There are well over four million homes in the UK, which are not connected to the mains gas supply. The majority of these are in rural areas, and while it is worth investigating the cost of laying a connection to the mains supply, in many cases it will be too expensive or not practical.
Alternative fuels include LPG tank gas, electricity, wood chips or pellets, and oil.
Although generally considered more expensive and less friendly to the environment, new highly efficient condensing boilers mean that oil is an acceptable alternative where gas is not available.
How do oil boilers work?
Oil must be stored in a tank on the property, from which it is pumped to the boiler and burned to provide heat. The heat is transferred to the water in the central heating circuit via a heat exchanger.
A network of pipes carries the hot water around the house to provide heat to the radiators, and can also run through a coil in the hot water storage cylinder to heat your water.
Since 2007 building regulations have required that any boiler fitted with an oil system must be a condensing boiler, and many of the oil boilers on the market are up to 97% efficient.
Combination oil boilers are also available to power central heating, and much like a gas combi boiler, they heat water on demand rather than heating it in a storage cylinder.
Combination boilers may be suitable in smaller properties, although they are not always as quick at supplying the hot water to the outlets as gas boilers, so may not be practical in a larger house.
Oil boilers also require a flue, and boilers are available with balanced flues or open flues. The air for combustion is drawn from the room where the boiler is sited for an open flue, while balanced flues take the air through a pipe, which runs alongside the extraction flue.
Building regulations do allow either style to be fitted in a garage, but it is worth checking any conditions on the location of the boiler, and the external oil storage tank.
The majority of oil boilers use 28sec heating oil (kerosene); it burns very cleanly, and can also be used in kitchen range cookers and AGA’s.
Why use oil?
Oil central heating boilers are only generally used when there is not a mains gas supply. It is more expensive than gas, and is one of the highest carbon-producing fuels. A condensing oil boiler could produce up to 5,000 tonnes of carbon dioxide per year, and has a higher figure for carbon produced per kWh than most other fuel types.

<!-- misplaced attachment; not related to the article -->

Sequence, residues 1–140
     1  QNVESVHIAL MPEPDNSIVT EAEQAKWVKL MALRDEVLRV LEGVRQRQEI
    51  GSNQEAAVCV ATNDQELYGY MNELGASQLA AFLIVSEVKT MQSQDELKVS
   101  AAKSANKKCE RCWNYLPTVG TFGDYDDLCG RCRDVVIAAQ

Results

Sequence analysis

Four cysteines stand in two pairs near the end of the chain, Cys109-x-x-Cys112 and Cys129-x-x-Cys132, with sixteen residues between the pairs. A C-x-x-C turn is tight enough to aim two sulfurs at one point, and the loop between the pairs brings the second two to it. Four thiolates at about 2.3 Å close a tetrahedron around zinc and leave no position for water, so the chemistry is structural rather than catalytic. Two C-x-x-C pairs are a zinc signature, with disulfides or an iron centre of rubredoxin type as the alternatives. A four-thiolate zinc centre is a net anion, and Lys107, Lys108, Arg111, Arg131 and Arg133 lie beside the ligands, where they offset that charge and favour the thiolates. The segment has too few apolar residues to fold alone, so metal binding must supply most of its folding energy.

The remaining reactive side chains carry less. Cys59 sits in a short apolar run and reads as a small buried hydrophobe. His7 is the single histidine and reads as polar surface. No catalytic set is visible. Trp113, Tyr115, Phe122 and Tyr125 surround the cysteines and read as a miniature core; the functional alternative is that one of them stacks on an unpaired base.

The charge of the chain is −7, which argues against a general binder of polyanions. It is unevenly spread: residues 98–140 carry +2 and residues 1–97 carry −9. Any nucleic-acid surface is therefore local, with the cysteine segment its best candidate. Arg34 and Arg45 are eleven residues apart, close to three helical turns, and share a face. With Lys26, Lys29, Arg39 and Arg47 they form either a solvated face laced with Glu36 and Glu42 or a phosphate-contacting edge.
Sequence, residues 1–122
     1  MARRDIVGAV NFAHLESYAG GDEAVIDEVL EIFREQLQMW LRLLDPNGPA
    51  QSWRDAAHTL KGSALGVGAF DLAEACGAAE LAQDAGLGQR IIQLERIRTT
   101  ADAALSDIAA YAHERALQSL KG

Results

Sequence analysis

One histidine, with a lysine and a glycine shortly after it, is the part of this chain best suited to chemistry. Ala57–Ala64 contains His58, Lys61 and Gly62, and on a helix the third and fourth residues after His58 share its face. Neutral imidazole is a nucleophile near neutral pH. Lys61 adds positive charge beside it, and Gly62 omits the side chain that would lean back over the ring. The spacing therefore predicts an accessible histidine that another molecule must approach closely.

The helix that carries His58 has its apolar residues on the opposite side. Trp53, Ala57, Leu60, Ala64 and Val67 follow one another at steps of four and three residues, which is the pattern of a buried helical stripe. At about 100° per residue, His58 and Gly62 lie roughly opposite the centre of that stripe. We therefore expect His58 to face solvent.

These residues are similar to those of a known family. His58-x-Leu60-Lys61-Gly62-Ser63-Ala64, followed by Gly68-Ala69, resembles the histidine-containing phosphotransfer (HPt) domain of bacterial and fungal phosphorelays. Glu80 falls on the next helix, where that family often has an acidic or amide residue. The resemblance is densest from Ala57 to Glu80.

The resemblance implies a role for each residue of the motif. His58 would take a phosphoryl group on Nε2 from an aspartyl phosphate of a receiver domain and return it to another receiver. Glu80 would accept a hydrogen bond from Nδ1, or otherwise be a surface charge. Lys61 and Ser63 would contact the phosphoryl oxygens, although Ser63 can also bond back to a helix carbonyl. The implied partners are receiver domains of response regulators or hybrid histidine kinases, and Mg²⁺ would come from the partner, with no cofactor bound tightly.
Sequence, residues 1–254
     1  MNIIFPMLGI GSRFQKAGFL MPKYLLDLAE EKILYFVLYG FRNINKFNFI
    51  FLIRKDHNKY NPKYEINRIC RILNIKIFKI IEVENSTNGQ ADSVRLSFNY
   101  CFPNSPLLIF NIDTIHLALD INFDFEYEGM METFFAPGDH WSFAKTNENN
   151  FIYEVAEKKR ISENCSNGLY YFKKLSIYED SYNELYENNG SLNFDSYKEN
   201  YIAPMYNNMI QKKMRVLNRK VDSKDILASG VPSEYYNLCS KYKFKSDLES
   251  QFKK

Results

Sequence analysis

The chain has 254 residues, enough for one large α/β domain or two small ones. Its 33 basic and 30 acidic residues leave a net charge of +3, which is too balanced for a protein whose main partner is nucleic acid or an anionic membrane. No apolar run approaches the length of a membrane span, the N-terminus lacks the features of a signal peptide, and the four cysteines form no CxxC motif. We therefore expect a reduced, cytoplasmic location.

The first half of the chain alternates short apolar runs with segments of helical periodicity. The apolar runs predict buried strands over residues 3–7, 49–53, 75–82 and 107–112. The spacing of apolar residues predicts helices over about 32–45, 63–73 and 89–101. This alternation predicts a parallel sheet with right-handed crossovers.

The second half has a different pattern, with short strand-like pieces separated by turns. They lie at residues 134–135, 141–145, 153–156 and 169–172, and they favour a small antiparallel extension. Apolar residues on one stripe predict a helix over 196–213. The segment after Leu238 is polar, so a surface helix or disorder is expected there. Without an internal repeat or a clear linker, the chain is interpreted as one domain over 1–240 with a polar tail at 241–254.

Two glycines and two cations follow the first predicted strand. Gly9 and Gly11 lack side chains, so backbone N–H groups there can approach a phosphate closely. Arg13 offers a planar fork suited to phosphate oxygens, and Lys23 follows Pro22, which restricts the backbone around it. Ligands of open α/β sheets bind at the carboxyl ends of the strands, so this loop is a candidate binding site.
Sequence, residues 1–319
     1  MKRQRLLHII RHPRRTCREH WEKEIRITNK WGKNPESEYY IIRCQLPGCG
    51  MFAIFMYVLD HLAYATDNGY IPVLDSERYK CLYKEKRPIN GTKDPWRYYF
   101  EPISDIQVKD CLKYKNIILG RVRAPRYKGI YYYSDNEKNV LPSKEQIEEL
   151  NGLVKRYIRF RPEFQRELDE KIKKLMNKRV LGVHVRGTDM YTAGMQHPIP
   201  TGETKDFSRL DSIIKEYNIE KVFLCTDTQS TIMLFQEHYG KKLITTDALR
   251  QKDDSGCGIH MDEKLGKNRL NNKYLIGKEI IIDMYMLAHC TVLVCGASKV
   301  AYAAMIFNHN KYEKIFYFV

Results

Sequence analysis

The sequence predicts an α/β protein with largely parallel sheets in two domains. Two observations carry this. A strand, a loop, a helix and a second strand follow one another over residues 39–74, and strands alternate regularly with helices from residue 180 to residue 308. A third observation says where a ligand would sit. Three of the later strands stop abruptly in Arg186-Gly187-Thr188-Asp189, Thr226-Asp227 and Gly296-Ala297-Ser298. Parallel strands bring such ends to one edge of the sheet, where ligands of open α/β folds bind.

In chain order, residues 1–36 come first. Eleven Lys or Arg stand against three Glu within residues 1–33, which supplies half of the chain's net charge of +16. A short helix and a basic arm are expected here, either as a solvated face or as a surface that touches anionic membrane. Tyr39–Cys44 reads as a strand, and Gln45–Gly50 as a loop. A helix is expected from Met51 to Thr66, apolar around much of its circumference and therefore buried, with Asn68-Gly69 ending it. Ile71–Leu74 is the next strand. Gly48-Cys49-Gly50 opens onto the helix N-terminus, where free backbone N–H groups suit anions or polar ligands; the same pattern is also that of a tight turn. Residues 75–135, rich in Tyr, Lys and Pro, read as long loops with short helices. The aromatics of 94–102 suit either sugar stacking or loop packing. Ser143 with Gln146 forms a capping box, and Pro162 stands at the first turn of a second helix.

Oil is considered to be one of the most efficient fuels, in that it produces more heat per unit of energy, but the price of the oil still means it is more expensive. Oil also needs to be delivered, and as well as the cost of delivery, you also need to remember to order regularly to make sure you don’t run out.
This can sometimes be monitored by your supplier, so if you use oil, try to arrange an ongoing relationship with a supplier.
Figures released by DEFRA, give carbon content per kWh for different fuel types to show the different impact each has on the environment. Mains gas produces 0.184kg of CO2 per kWh, while heating oil produces 0.245kg CO2 per kWh.
This indicates how much less friendly oil is to the environment, so it is important to fit the most efficient boiler possible.
There are now several ‘A’ rated oil boilers available on the market and you can easily check the efficiency rating of any boiler at the SEDBUK website:
A condensing boiler is probably the most efficient type of boiler to use with an oil-fired system. The most modern oil boilers have efficiency ratings of up to 97%, which helps to reduce running costs and to lessen the impact on the environment.
Combination oil boilers may be better in very small properties, but are unlikely to meet the demand for domestic hot water in a larger house.
Most condensing oil boilers are free standing, although there are some models available which are wall-mounted. Consider where the boiler will be located, and if there is enough room to accommodate it.
You should also think about where the external oil storage tank will be sited; they can be something of an eye sore in the garden, and you might prefer to install an underground tank.
Installation, running costs & central heating oil prices
Heating oil prices are generally higher than gas prices, and this pushes up the running costs. Although heating bills will depend on the size of the property, the efficiency of the system, and the way the heating is used, the rough cost of running an oil-fired system would be £1100 – £1400 per year.
This is based on a typical three bedroom house, which uses 16,000 kWh of heat output annually for heating and hot water. An equivalent property would cost £700 – £1000 to heat with a gas system and could cost well over £2,000 with electricity.
The installation of a full oil central heating system, with radiators, pipe work, and controls would cost approximately £3,500 – £4,500, while the installation of an external storage tank would be in the region of £2,800.
The vast majority of homes in the UK are connected to the mains gas supply, and this is by far the most common fuel used for central heating. For the four million or so homes, which are not connected to mains gas, oil is one of the alternative fuel types that can be stored on-site and used for heating.
Newer, and more efficient condensing boilers have reduced the amount of carbon produced by the burning of oil, and although still much less friendly to the environment than gas, the difference is markedly less than it was with older boilers.
The cost of heating with an oil system will be more than with gas, but much less than with electricity; this makes oil a viable choice for houses without a gas supply.